A Passion for Patient-Centered Care
Published on 09 June 2017
The Health Resource Center Diabetes Clinic located in North St. Louis, is a student-run, pro bono clinic that focuses on medication management, foot exams, eye exams and educating diabetic patients on ways to improve their health. Alexandra Bixby ’17, Pharm.D., first got involved when she reached out to the Saint Louis University residents running the clinic to find a collaborative way for student pharmacists to support their health care team. She would go on to receive the United States Public Health Services Excellence in Public Health Pharmacy Award for her work with Health Resource Center.
“Many of those that come to the clinic have difficulties affording health care, along with their medications,” explained Bixby. “For this reason, the medical team must make recommendations to help reduce the economic burden of diabetes, as well as improve the patients’ quality of life.”
Pharmacy students are accompanied by a pharmacist as they make suggestions to the patient’s physician about medication therapy, dosing changes, potential side effects and interactions. The pharmacy students are also responsible for counseling patients about their medications and condition. In fact, one of the key roles the student pharmacists play in the clinic is researching financial assistance programs with drug manufacturers and working with patients to submit the required paperwork.
“Pharmacists have an essential role in the underserved population,” said Bixby. “Pharmacists can tailor their counseling to ensure understanding for patients with various educational backgrounds. They discuss adherence tips, side effects, proper administration techniques and alternative therapies that may reduce the financial burden for certain patients.”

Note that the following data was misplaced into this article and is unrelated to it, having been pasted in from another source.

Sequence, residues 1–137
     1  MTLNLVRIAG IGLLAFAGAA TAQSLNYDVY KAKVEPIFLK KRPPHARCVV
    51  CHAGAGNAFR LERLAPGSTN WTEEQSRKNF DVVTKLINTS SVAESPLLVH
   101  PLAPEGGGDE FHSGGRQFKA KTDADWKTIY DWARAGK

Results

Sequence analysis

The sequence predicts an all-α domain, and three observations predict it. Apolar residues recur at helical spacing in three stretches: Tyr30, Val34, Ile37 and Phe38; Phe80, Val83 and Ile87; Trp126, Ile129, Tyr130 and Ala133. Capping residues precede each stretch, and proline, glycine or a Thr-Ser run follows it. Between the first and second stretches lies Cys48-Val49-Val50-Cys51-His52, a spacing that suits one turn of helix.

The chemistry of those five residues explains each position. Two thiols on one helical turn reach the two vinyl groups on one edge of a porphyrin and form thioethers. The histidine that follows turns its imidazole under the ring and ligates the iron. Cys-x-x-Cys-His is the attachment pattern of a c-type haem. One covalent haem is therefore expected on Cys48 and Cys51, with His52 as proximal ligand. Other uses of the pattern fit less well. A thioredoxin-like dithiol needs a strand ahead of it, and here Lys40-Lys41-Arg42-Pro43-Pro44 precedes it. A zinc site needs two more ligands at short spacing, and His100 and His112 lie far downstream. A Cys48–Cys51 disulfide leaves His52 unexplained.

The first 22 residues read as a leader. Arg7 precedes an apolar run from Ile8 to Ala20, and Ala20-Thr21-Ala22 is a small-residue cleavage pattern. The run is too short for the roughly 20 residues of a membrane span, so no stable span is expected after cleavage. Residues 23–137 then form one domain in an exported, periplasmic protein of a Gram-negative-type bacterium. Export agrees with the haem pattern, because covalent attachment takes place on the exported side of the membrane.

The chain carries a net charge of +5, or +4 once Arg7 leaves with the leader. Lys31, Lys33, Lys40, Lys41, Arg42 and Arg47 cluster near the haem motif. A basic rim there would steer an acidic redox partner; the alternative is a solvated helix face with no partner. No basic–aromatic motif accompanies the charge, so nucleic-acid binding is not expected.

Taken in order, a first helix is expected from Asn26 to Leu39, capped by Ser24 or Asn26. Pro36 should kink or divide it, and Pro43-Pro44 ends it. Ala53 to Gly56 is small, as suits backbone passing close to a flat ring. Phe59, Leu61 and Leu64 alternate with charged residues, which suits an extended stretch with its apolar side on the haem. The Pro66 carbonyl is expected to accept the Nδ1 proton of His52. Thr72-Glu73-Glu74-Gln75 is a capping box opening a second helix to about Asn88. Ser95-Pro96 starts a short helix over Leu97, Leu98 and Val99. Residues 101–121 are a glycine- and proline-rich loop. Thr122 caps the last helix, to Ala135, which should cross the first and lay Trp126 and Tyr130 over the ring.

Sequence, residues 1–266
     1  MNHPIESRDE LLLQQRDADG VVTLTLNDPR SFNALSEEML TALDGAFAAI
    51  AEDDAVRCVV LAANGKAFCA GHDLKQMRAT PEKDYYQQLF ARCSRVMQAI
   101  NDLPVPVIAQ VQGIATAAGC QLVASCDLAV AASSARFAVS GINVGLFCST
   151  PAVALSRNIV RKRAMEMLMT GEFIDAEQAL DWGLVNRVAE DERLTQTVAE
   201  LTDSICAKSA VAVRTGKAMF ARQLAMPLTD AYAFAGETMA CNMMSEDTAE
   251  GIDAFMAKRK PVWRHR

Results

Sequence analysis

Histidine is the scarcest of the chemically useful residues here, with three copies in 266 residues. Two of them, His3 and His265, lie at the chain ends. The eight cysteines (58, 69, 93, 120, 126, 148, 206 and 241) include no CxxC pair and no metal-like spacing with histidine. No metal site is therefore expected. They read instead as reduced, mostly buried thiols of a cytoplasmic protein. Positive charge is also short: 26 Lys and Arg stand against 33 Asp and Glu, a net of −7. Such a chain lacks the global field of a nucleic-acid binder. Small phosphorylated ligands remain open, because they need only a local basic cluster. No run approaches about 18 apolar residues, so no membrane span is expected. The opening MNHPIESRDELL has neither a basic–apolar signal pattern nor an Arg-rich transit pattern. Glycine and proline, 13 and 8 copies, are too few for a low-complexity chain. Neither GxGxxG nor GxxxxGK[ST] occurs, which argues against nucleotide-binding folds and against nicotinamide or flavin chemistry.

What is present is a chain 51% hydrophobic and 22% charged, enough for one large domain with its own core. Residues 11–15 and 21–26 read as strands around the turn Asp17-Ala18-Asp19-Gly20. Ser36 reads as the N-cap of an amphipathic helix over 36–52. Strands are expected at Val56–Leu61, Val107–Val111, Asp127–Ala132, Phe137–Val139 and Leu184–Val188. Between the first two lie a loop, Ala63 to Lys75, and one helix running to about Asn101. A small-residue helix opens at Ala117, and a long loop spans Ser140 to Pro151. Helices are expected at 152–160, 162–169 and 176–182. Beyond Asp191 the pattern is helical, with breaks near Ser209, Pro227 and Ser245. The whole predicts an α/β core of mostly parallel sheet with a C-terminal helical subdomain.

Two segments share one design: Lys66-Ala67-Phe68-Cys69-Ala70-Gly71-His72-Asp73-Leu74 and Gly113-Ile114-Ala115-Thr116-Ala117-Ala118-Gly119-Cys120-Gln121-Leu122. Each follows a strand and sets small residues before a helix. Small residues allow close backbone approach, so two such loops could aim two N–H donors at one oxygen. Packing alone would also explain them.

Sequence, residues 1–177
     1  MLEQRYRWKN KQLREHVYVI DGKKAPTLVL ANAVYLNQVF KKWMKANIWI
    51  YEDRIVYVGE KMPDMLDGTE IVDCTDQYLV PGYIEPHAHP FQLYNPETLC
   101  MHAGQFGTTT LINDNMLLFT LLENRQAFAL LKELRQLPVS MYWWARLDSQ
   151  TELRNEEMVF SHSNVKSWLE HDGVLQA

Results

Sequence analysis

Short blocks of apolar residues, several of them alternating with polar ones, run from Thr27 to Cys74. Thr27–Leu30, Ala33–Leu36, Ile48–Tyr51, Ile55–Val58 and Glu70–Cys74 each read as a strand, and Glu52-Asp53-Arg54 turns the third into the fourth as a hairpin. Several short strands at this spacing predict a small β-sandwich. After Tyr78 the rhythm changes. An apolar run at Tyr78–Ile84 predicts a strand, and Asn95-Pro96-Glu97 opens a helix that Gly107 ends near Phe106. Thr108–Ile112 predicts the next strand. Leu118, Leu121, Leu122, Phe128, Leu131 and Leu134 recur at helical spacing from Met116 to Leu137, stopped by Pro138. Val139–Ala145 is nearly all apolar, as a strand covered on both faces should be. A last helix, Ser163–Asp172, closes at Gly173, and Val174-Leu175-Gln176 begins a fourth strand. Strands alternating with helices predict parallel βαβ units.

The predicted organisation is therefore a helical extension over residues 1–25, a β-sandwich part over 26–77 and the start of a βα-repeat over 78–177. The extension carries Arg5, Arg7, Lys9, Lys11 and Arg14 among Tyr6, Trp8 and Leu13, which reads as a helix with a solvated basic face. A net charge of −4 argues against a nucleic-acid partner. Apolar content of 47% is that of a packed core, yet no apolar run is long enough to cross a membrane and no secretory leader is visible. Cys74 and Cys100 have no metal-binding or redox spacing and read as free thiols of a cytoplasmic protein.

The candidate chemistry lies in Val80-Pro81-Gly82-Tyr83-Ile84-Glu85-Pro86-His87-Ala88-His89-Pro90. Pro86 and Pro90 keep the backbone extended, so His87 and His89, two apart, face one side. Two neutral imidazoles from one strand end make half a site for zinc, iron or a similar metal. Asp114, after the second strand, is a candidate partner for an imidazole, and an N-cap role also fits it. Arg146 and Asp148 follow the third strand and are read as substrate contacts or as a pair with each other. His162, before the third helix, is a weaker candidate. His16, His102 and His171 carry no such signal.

In addition to her role as a student pharmacist, Bixby serves as a lead at the clinic coordinating clinic dates with medical leaders, finding pharmacist volunteers to oversee the students, and scheduling and preparing students for the clinic. Among her responsibilities at the clinic, volunteering and patient interaction have been the most rewarding.
“I met a particular patient days after his diagnosis with Type 2 Diabetes,” Bixby said. “This patient, like many that come to the clinic, was terrified of his diagnosis, the economic burden and the lifestyle changes he would have to make. I spent a considerable amount of time with this patient, assisting the medical student in obtaining a complete medical history, suggesting medications to the physician and counseling the patient about medications and the importance of foot exams, immunizations and diet changes. Although he seemed overwhelmed by the information, he incorporated many of the recommended changes into his lifestyle, prior to the following clinic visit.”
At his follow-up visit, the patient shared with Bixby that he had taken her advice and was motivated to maintain his new lifestyle and continue with her suggestions for healthy lifestyle changes.
“I felt I had made a significant difference in this patient’s life,” said Bixby. “Being involved with the clinic on a routine basis allows me to make similar connections with patients and see their progress.”
Bixby continued her role at the clinic during her final rotation year and was selected to be the pharmacy student lead for the primary care clinic that takes place every Saturday. She continues her work as a post-graduate resident at the University of Michigan.